In Between Days: The Cure In Photographs 1982 - 2005 review

I’ve been looking so long at these pictures of you…

Cover Artwork for In Between Days: The Cure In Photographs 1982 - 2005

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Veteran music photographer Tom Sheehan first met The Cure in 1982 – a turbulent time in the band’s history just after the release of Pornography, when the band was essentially reduced to the duo of Robert Smith and Lol Tolhurst – and he’s been their shadow ever since.

As a result there’s a palpable affection that comes through in this beautifully presented hardback collection of photos that serves as a visual history capturing the evolution and essence of this unique, beloved and truly special band.

It’s not all mohair and wildly applied lipstick, either (although admittedly there’s plenty of that). Images of Robert Smith and the late Big Country frontman Stuart Adamson goofing around in eye-wateringly short shorts for the Melody Maker World Cup issue in 1986 display a sense of fun that’s often forgotten behind the gothic caricature. Photos from the road, such as those on a Brussels rooftop, serve as a classy glimpse into their worldwide travels, while those from their live shows drip with atmosphere.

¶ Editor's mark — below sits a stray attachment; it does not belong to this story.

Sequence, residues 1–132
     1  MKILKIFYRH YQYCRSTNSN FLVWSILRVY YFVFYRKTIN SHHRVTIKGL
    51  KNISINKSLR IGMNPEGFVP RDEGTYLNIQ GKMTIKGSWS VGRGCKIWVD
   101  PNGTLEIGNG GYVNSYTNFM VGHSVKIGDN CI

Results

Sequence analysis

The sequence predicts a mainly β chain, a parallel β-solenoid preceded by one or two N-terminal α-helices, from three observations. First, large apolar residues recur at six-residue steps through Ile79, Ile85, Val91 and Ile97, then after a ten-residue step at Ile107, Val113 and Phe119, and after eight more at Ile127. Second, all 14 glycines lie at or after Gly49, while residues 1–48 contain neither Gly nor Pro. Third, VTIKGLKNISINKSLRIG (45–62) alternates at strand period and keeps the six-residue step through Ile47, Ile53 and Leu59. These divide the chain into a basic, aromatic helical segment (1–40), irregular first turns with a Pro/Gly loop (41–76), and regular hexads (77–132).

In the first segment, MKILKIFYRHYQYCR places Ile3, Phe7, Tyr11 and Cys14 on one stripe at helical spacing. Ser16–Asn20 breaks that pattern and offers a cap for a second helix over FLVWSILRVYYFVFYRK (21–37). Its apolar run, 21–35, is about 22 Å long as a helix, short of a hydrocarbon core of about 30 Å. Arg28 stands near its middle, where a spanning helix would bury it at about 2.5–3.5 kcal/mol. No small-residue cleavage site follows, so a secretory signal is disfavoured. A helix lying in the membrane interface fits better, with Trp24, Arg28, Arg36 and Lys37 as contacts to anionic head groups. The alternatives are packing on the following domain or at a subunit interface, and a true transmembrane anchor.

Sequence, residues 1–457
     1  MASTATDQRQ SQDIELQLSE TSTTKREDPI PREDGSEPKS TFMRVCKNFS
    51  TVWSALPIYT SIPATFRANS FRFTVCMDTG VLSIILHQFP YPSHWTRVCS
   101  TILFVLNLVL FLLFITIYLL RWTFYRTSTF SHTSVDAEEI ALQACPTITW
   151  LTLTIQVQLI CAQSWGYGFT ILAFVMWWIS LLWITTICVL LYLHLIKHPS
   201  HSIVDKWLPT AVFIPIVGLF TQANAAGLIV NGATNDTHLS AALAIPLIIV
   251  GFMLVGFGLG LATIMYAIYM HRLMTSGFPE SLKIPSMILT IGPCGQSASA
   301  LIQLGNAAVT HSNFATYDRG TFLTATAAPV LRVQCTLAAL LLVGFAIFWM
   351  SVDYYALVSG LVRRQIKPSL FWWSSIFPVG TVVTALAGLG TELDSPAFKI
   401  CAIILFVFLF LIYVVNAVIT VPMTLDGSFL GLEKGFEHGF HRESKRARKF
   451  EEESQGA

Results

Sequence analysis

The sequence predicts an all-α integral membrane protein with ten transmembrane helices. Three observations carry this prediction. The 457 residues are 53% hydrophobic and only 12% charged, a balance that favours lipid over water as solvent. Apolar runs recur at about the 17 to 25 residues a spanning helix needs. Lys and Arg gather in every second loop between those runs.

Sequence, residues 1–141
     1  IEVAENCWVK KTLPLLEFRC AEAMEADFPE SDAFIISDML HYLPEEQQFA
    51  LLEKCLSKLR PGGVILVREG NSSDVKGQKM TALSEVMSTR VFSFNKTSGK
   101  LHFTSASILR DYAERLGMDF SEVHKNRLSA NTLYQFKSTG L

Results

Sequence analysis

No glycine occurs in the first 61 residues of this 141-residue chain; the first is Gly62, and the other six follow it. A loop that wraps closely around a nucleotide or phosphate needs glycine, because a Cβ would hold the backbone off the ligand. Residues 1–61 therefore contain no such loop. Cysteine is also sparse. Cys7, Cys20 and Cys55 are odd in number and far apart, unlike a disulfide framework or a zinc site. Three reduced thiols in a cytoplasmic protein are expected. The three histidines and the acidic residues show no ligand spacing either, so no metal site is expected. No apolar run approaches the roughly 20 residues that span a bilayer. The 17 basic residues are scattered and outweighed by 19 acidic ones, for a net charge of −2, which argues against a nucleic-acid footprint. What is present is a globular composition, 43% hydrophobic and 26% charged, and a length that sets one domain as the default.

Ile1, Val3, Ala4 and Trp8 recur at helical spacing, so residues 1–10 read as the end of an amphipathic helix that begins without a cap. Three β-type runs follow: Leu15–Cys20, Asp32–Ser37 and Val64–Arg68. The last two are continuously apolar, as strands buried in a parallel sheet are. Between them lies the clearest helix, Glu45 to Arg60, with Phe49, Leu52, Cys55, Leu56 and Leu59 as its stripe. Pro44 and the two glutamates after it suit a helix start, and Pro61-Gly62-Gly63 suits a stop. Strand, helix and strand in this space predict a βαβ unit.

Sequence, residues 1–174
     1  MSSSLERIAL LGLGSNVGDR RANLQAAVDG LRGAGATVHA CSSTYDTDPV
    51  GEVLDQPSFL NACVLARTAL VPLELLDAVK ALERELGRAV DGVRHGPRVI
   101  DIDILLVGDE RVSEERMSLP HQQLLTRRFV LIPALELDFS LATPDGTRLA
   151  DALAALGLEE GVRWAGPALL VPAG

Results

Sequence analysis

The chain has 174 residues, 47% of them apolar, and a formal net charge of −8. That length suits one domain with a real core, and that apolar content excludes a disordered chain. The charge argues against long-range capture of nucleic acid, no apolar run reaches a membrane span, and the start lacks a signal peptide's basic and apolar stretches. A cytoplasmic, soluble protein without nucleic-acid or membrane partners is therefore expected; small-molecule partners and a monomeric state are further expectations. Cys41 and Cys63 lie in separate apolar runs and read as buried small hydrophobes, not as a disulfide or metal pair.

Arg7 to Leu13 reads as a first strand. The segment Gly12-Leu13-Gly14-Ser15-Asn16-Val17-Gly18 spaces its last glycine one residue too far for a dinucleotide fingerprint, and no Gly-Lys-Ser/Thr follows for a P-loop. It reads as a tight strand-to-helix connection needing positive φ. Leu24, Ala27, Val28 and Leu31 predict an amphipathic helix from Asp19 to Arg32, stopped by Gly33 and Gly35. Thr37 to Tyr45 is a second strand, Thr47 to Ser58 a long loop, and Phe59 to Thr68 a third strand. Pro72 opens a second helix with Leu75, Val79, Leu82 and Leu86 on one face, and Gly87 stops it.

With a lovingly written intro from Smith himself, this is a gorgeous and weighty book that deserves a home on the coffee table of any Cure fan.

Emma has been writing about music for 25 years, and is a regular contributor to Classic Rock, Metal Hammer, Prog and Louder. During that time her words have also appeared in publications including Kerrang!, Melody Maker, Select, The Blues Magazine and many more. She is also a professional pedant and grammar nerd and has worked as a copy editor on everything from film titles through to high-end property magazines. In her spare time, when not at gigs, you’ll find her at her local stables hanging out with a bunch of extremely characterful horses.